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Colorado national parks invite locals to explore

Rob Ryan
Summit Daily News
Summit County, CO Colorado

Colorado has 11 of the United States’ 391 national parks, offering visitors everything from hiking and biking to spectacular landscapes and wildlife. In yet another example of the federal government’s recent generosity, every national park across the country will be waiving its entrance fee on Saturday and Sunday.

“Periodically, it’s good to give people an opportunity to see what they’ve been missing,” said Patrick O’Driscoll, spokesman for the National Parks’ Intermountain Region, which includes Colorado. “The thing that’s great about national parks in Colorado is how much variety there is.”

Saturday and Sunday will be the third “fee-free weekend” of the summer, following similar ventures on June 20-21 and July 18-19. The dates were announced by Secretary of the Interior Ken Salazar, a native Coloradoan, earlier in the summer. Parks across the state say they’ve seen a significant increase in attendance throughout the summer, and on those weekends in particular.

Kyle Patterson, public information officer for Rocky Mountain National Park, said there was a 32 percent increase in attendance on the free weekend in June compared to last year, as well as a 28 percent increase for the weekend in July. Patterson said the free weekends have worked well as a measure to promote interest in going to the parks.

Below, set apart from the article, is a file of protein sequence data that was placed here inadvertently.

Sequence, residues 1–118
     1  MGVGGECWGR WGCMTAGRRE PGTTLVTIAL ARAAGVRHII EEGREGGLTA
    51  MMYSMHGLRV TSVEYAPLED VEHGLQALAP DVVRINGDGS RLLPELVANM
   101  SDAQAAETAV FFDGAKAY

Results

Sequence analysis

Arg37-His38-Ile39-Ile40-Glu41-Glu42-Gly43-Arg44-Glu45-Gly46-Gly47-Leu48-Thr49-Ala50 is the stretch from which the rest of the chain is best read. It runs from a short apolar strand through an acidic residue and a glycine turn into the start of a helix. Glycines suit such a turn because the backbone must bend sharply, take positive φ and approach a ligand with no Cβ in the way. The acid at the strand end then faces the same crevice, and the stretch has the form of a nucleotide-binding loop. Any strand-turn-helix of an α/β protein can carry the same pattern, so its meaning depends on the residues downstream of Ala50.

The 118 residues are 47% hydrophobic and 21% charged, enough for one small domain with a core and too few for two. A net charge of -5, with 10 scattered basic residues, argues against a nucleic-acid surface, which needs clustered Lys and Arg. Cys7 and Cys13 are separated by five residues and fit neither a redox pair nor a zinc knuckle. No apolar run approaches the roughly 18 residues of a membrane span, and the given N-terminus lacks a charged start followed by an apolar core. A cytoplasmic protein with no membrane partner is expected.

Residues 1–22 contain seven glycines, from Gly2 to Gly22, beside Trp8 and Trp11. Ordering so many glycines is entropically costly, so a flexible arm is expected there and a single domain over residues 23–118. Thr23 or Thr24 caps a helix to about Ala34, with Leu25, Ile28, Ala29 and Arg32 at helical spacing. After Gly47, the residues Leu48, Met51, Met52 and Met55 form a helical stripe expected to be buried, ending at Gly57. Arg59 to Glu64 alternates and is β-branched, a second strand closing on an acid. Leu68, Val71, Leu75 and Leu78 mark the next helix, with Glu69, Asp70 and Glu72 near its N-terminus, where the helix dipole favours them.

“The hope is just to try to encourage people to go out and have an adventure in their national parks,” she said.

Patterson said a trip to a park can be a more affordable alternative for recreation in the state.

“Tough economic times call for economic fun, and national parks can provide that,” she said.

Patterson and others from the park service say there’s no shortage of things to do in the parks. A quick trip to the Rocky Mountain National Park website lists a wide range of activities for guests to experience. In addition to the park’s well-known natural beauty, visitors can fish, go climbing or mountaineering and camp within the park grounds. Those of a less active nature can tour the park’s visitor centers or tour the park with a ranger. Other parks around the state have many similar activities.

O’Driscoll said national parks are a better option for those looking to get out into nature because they are set aside for that use exclusively, as opposed to public lands or national forests.

“The national parks don’t have multiple uses going on inside them,” he said.

Joan Anzelmo, superintendent of Colorado National Monument in Grand Junction, said visitors may not realize exactly how much the parks have to offer until they make a trip.

“So many visitors think (the monument) is a marker on the side of the road,” she said. “It’s one of the great surprises for visitors to the Western Slope.”

O’Driscoll said he felt the fee-free weekends are worthwhile and added he hopes they would continue for future seasons.

“Free is always a good thing,” he said. “The main thing I guess is that it gets more people interested in what’s in their backyard.”


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